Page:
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Small dogs have a gene mutation that existed in ancient wolves

Domestic dogs show more variation in body size than any other mammal on Earth. There is a 40-fold difference in size between the smallest and largest breeds of dogs. Variations in size have been selected for by humans, particularly in the past 200 years, while wolves, from which dogs originated, have maintained a constant size.

Since wolves are fairly large, people believed that ancestral dogs were also this size at the start of domestication. It is commonly understood that small dogs, such as Pomeranians and Chihuahuas, were selectively bred after domestication because humans wanted cute little companions. 

However, scientists from the National Institutes of Health (NIH) have recently identified a mutation in a gene that regulates the production of growth hormone in dogs. The researchers found that this genetic mutation is present in the genes of dogs with small bodies, but was also present in wolves more than 50,000 years – long before domestication took place. 

By analyzing 200 different breeds of dogs, the experts identified around 20 genes that are associated with the regulation of body size in dogs. These genes are involved in regulating skeletal development, insulin processing and fatty acid metabolism, among other functions. Of these genes, insulin-like growth factor 1 (IGF-1) controls 15 percent of body size variation in different dog breeds and has a major role in determining body size.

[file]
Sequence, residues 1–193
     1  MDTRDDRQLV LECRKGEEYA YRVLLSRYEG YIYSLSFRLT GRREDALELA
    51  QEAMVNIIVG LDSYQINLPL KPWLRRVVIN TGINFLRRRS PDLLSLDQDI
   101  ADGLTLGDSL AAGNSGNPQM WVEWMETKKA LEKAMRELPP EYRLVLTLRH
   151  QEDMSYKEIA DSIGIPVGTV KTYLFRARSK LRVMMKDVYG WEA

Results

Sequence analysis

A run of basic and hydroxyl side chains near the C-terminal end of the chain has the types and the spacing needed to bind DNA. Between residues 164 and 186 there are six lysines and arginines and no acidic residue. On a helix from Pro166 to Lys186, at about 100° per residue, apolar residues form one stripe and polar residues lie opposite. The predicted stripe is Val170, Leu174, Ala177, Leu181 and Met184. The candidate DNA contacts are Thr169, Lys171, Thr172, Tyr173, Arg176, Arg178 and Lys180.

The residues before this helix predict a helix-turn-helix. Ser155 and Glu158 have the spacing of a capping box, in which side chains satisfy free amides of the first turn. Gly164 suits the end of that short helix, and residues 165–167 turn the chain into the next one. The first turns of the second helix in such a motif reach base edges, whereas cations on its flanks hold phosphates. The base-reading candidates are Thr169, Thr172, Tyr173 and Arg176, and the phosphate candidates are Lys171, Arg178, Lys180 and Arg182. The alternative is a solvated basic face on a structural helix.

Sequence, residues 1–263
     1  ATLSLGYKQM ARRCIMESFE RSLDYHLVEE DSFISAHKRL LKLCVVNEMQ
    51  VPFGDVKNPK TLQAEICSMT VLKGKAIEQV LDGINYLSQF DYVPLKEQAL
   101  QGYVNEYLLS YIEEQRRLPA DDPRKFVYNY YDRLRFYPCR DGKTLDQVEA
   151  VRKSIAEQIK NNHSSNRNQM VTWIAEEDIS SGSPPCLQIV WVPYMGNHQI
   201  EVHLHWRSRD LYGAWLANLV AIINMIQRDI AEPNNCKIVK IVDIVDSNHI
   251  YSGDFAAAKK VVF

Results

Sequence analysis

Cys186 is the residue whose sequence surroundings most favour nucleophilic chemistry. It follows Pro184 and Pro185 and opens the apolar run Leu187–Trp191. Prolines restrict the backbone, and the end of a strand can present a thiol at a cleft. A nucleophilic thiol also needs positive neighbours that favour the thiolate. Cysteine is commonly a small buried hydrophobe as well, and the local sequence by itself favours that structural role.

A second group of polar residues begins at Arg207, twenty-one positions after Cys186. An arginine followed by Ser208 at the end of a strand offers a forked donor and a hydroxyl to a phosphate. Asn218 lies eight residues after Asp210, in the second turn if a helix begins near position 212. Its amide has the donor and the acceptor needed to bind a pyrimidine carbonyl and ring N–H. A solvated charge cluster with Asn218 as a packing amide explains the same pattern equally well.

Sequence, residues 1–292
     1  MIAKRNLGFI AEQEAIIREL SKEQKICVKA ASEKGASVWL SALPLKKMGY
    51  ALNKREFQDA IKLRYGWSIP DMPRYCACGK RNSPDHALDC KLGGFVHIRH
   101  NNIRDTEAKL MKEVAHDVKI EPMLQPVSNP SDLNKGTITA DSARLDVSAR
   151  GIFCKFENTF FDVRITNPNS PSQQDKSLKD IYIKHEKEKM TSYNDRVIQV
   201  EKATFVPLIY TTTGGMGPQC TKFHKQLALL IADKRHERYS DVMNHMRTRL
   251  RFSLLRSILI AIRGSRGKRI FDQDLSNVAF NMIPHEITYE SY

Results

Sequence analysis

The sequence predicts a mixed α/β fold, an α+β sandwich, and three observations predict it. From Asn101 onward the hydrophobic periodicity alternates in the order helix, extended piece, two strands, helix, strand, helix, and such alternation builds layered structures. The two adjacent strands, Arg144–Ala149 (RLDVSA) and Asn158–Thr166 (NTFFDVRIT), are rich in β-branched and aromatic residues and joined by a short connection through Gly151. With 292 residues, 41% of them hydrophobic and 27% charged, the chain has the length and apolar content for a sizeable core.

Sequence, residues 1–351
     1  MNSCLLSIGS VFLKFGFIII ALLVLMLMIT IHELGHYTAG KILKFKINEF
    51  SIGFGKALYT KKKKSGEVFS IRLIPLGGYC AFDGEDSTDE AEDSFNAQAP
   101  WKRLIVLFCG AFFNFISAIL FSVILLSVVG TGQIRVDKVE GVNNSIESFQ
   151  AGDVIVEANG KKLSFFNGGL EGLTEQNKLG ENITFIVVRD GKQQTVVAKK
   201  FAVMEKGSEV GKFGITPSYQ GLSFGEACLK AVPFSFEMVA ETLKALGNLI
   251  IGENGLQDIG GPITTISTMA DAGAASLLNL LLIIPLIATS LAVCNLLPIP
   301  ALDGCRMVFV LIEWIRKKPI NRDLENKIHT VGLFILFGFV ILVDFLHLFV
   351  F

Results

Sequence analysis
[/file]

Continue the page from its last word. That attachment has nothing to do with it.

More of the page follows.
However, after more than ten years of investigation, the researchers had not been able to identify a functional mutation associated with IGF-1. That was until Jocelyn Plassais, a postdoc student in geneticist Elaine Ostrander’s lab in Maryland, suggested that they search for sequences around the gene that were positioned backwards. She identified the mutated allele in this way and the researchers then analyzed the genomes of 1,431 individual canids from 13 different species, to track the history of this mutated form of the IGF1 gene. 

The researchers also collaborated with evolutionary biologists Greger Larson, at Oxford University, and Laurent Franz, at Ludwig Maximilian University, to examine ancient wolf DNA to see when the IGF-1 mutation first appeared. Scientists have theorized that dogs started out large and became smaller about 20,000 years ago, when they were domesticated, but this discovery presents the possibility of a new evolutionary narrative.

The analysis of ancient wolf DNA revealed that the mutated form of the IGF-1 gene was indeed present in the DNA of a 54,000-year-old Siberian wolf (Canis lupus campestris), long before domestication took place. 

“It’s as though Nature had kept it tucked in her back pocket for tens of thousands of years until it was needed,” said Ostrander.

The mutated form was found not only in dogs and wolves, but also in other species of the canid family, including coyotes, jackals, and African hunting dogs. 

“This is tying together so much about canine domestication and body size, and the things that we think are very modern are actually very ancient,” explained Ostrander.

It seems that the ancestral form of the gene is associated with small body size, while a derived form of the gene gave rise to larger body size and is currently commonly found in gray wolves and large dogs. The allele associated with small body size is thought to have almost become extinct during Pleistocene times when the wolves of the time vanished. But the allele made is reappearance more recently when humans began to selectively breed smaller dogs. 

Ostrander and her team plan to continue to investigate the genes that regulate body size in dogs. “One of the things that is pretty cool about dogs is that because they have evolved so recently there aren’t actually a lot of body size genes.” 

Canids have only 25 known genes that regulate body size, compared to several hundred in humans. “I really want to understand the whole continuum – from Chihuahuas to Great Danes,” said Ostrander.

The study is published in the journal Current Biology.

By Alison Bosman, Staff Writer

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